May, 2018

Australian beef producers struggle to contain Chinese counterfeiters

About half of the Australian beef sold in China is fake, causing Australia's farmers and meat exporters potential sales losses of about A$2 billion. While Australian wine is the highest valued Australian product in China, in terms of pure numbers, Australian beef may be the most counterfeited.


In China, beef consumption per capita is just 5.5kg per annum. That's low compared to Australia's 29kg or Hong Kong's 52kg. But China's appetite for beef did grow considerably between 2012 and 2016, when consumption rose 33% annually. In a March statement published by e-commerce giant JD.com, Adrian McCorkell, Director of Australian meat distributor, InterAgri, said: "The demand for premium Australian beef in China has exploded over the last few years, but we are still just scratching the surface of the addressable market." 

Naturally, counterfeiters see a big opportunity. Trent Lund, director of innovation at PricewaterhouseCoopers Australia, told The Australian: “Australia beef has an average selling price of A$38 per kg in China, and high-end products can be sold at A$120 per kg. However, China’s local beef is generally priced at A$4.5 per kg. The profit space between this is really tempting."

At the same time, in a retail setting, most Chinese consumers cannot distinguish Australian beef from a counterfeit product just by looking at the packaging. And they aren't usually familiar enough with the taste of Australian steak to know if they're eating a genuine product in a restaurant. In that sense, Australian beef producers face some of the same problems from IP thieves as winemakers.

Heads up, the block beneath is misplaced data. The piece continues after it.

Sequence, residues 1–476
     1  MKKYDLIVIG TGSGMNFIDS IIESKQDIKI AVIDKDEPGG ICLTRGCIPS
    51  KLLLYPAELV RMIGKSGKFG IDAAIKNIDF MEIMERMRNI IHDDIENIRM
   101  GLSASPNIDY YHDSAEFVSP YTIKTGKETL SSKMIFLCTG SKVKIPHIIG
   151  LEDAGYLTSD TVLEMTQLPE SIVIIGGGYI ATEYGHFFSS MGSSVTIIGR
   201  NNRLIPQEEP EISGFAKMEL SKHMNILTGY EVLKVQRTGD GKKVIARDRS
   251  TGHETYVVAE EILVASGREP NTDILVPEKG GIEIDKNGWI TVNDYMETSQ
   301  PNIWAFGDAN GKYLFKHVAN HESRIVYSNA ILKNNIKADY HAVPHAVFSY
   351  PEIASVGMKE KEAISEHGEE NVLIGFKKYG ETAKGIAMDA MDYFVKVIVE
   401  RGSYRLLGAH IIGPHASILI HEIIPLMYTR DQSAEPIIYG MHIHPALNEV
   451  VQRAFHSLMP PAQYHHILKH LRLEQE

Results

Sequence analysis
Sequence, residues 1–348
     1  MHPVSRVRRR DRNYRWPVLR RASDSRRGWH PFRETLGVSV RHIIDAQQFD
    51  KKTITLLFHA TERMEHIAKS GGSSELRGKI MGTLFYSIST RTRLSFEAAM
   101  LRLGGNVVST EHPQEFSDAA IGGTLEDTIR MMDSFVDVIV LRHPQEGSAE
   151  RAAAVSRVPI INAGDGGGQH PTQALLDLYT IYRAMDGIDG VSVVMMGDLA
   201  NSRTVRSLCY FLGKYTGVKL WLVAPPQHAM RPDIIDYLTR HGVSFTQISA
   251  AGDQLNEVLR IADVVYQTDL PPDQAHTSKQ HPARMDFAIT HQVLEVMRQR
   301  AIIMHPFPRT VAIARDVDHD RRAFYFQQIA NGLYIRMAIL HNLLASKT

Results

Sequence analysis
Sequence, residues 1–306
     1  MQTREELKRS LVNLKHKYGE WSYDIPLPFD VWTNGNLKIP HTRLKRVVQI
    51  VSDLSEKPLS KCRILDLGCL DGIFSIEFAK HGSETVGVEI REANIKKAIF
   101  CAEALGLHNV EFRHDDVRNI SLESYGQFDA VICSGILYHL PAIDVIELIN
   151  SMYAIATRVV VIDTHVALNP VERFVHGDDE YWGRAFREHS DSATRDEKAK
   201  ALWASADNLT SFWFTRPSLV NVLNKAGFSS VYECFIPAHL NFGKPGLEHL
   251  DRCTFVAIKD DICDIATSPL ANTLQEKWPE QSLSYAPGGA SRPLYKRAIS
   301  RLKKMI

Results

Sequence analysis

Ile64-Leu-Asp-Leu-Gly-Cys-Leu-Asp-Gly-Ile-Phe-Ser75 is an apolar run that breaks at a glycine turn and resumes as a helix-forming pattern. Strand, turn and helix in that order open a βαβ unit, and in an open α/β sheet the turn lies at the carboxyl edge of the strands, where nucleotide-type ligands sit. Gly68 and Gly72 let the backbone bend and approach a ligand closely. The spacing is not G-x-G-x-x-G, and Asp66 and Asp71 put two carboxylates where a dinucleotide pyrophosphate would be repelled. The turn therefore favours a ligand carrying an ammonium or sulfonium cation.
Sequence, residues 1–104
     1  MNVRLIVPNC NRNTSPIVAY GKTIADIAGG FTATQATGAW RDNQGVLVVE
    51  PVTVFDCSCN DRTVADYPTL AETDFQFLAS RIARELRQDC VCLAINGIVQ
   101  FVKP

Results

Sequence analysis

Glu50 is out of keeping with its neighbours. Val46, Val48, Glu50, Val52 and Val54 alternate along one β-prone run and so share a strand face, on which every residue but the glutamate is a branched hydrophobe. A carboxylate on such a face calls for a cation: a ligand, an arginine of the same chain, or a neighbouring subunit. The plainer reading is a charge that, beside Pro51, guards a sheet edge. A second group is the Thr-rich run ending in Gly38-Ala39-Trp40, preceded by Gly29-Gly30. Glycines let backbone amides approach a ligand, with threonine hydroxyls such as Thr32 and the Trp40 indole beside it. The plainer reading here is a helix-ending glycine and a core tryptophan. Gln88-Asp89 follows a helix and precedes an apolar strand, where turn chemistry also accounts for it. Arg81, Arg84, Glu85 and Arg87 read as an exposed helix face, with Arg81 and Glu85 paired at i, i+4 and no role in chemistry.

David Blackmore, founder of Australia's Blackmore Wagyu, told Australia's 3AW news channel that fake Australian beef in China “could be anything from buffalo out of India to meat from anywhere else.”

Blackmore pointed out that Chinese counterfeiters have figured out to produce convincing fakes of the cryovac bag in which exported Australian beef is sealed. That bag has a stamp on it identifying its source. Blackmore Wagyu also includes an insert in the bag printed on special plastic with "an easily identifable dye."  

“What we’ve found is that in China they’ve copied the cryovac bag, they’ve copied the insert, and they put someone else’s beef inside that cryovac bag," Blackmore said. He became aware of the problem after a chef in China who works at a five-star hotel called him, complaining about the quality of Blackmore's beef. 

JD.com is betting on blockchain technology to tackle the problem. The Chinese e-commerce giant is partnering with InterAgri to import Angus beef products that will be traceable on a blockchain. The blockchain sytem will record "where the livestock was bred and raised, where the meat was processed and how it was transported," the company said in a statement. JD plans to deploy the system sometime this spring.